After-supper activities around our house in the 1950’s didn’t include video games, surfing the web, cell phones or i-pods, and very little television. It did include things like board games of Monopoly, Scrabble, Chinese or regular checkers.
Now, I was pretty good at Scrabble. After all, I was my class spelling champ, I studied words right along with math and geography. As long as my opponents were other kids I did just fine. But if Mama got into the game, she’d have to spot us so many points – she subscribed to crossword puzzle books!
Mama could use a handful of z’s and q’s and u’s to make the most outlandish combinations and we’d cry foul. “Look it up,” she’d say with a smile, totaling up her score. “Look it up.” Flipping through the pages of our oversize dictionary, we’d do our best to prove her wrong. Naturally she’d turn out to be right.
Card games like gin rummy were more fun and more likely to result in a random winner. Depending on who was in charge, some variety of poker (played for toothpicks, not for money, of course) might be allowed.
During summer vacation one year Uncle Mike had taken it upon himself to teach me the elements of a good poker hand and poker face, much to the dismay of my non-gambling grandparents. We used seed corn or bottle caps instead of cash, and after a summer of practice I could beat him occasionally. If I accumulated enough kernels of corn, he’d treat me to a Dr. Pepper or Red Rock Cola.
My brother and Mama learned how to play chess one year but my patience for such a high-brow endeavor in those days was entirely too low. Sit and stare at the chess board for a long time, don’t talk, just stare. Finally pick up a bishop or a knight, pretend to set him down in one square but don’t take your fingers off yet. Move him somewhere else, hover over a different square while your eyes rove back and forth, and finally plop him down in another place entirely.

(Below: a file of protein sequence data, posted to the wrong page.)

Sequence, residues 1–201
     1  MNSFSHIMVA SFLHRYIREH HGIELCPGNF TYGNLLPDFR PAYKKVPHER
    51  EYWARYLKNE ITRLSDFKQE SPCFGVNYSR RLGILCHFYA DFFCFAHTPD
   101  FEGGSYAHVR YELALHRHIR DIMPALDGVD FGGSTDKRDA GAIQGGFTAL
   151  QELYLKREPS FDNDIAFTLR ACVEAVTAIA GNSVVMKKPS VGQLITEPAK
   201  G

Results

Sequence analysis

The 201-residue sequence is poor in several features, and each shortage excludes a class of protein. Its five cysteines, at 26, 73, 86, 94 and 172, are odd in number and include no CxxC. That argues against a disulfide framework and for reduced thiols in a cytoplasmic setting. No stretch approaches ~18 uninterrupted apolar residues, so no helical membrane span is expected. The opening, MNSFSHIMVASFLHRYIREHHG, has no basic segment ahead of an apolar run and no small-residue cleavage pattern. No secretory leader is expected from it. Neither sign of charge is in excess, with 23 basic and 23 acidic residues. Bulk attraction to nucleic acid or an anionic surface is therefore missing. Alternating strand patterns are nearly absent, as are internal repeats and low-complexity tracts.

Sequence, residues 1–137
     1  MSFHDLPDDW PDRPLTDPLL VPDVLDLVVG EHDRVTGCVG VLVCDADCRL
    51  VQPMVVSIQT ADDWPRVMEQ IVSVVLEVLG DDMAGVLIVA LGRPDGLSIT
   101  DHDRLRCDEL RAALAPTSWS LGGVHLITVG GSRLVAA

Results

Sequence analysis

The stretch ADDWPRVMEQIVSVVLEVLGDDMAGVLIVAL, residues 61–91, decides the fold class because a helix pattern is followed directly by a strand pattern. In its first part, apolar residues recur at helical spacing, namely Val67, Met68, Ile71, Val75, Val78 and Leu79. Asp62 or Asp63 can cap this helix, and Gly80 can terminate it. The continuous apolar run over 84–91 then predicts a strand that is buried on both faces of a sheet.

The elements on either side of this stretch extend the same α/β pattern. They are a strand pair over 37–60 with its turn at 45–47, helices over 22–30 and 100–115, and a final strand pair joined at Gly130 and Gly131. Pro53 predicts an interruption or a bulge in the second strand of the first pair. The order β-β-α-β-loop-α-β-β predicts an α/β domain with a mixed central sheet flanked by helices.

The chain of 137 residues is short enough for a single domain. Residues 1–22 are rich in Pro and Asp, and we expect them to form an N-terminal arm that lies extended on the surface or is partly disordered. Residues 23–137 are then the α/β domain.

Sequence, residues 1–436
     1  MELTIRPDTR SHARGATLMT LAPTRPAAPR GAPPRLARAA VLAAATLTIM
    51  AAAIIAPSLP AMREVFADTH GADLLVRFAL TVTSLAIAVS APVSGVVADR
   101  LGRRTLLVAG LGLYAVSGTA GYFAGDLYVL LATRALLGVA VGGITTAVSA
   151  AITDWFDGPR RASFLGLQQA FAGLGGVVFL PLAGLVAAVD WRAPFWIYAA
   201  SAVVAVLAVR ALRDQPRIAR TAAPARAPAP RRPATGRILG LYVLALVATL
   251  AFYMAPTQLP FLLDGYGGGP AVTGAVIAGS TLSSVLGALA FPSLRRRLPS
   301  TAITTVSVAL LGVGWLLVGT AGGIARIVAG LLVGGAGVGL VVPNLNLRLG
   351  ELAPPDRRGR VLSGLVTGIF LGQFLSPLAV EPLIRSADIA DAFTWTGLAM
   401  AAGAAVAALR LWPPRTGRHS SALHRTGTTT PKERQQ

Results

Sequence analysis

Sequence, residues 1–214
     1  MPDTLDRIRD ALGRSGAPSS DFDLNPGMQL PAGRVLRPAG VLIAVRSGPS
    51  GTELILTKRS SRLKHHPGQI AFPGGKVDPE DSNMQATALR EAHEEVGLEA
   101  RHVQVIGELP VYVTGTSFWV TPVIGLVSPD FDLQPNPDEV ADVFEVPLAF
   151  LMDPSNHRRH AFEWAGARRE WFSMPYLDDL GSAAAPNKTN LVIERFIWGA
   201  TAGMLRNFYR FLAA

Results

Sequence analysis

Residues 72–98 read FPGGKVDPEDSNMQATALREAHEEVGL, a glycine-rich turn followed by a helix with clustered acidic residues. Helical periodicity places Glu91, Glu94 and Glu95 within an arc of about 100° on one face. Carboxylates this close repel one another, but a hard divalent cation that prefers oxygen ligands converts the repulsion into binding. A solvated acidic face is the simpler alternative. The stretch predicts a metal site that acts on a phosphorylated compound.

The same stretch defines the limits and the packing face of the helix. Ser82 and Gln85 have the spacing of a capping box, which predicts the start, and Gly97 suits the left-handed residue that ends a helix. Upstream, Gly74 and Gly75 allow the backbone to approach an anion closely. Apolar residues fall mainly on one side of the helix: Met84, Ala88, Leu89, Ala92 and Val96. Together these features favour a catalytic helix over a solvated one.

Uh uh, too boring for words. I found something to do with faster action, like solitaire. If we didn’t feel like a full-fledged board or card game, we settled for simple pencil and paper games like tic-tac-toe or hangman.
No matter what combination of family and friends were in the house, there was always something interesting, educational or just plain fun to occupy our time in the evenings.
Before the advent of television in our living room, the table-top radio was usually on in the evenings. In between board games we listened to Jack Benny, Bob Hope or Burns and Allen, perhaps The Shadow (Who knows what evil lurks in the heart of men? The Shadow Knows!) or Boston Blackie.
All these old programs are still available on CD today. I actually bought some Jack Benny, complete with full-length Lucky Strike commercials. Nostalgia galore!
If nothing of interest was on the radio, Mama usually stacked several LP’s on the stereo. The Best of the Hit Parade, Easy Listening, Big Band, folk or pop music, even the classics kept us company while we competed for houses and hotels and racked up points.
Of course, there were always things to do outside the house between school and supper time, too. Some days there were Cub Scouts or violin lessons for my brother, Brownie Scouts or piano lessons for me. Unorganized afternoons meant we could hang out with friends in a neighborhood playground or stop off at somebody else’s house on the way home.
One year my hopeful mother enrolled me in dance lessons. Our little class was supposed to learn the basic elements of ballet and ballroom dancing, starting with ballet. I did strive to get the hang of ballet steps, I really did. First position: heels together, toes out to the side, knees straight. Straight? Forget plies, I never quite achieved first, second or third position.
Then came the disastrous afternoon I arrived home without my dance costume – somehow in the few blocks between dance studio and home the bag with my dress of green and lavender ruffles simply vanished. Shortly afterward the instructor informed my disappointed mother that I wasn’t “dance material,” but without that frilly dress my heart wasn’t in it anyway. I never really missed those lessons.
These days when there’s nothing but re-runs on TV and I’ve run out of something new or interesting to read, I might settle down to play a game of Mah Jong or Solitaire. They’re on a computer screen, of course. Stashed in a drawer somewhere is an old deck of Bicycle cards but I haven’t dealt a hand with it in many years.
And the last time I played Monopoly was when Tim and I joined our church home group for game night, and Tim and the preacher teamed up on the rest of us. Now that was fun! Brought back fond memories of 1950’s Monopoly, Mama, Scrabble and all.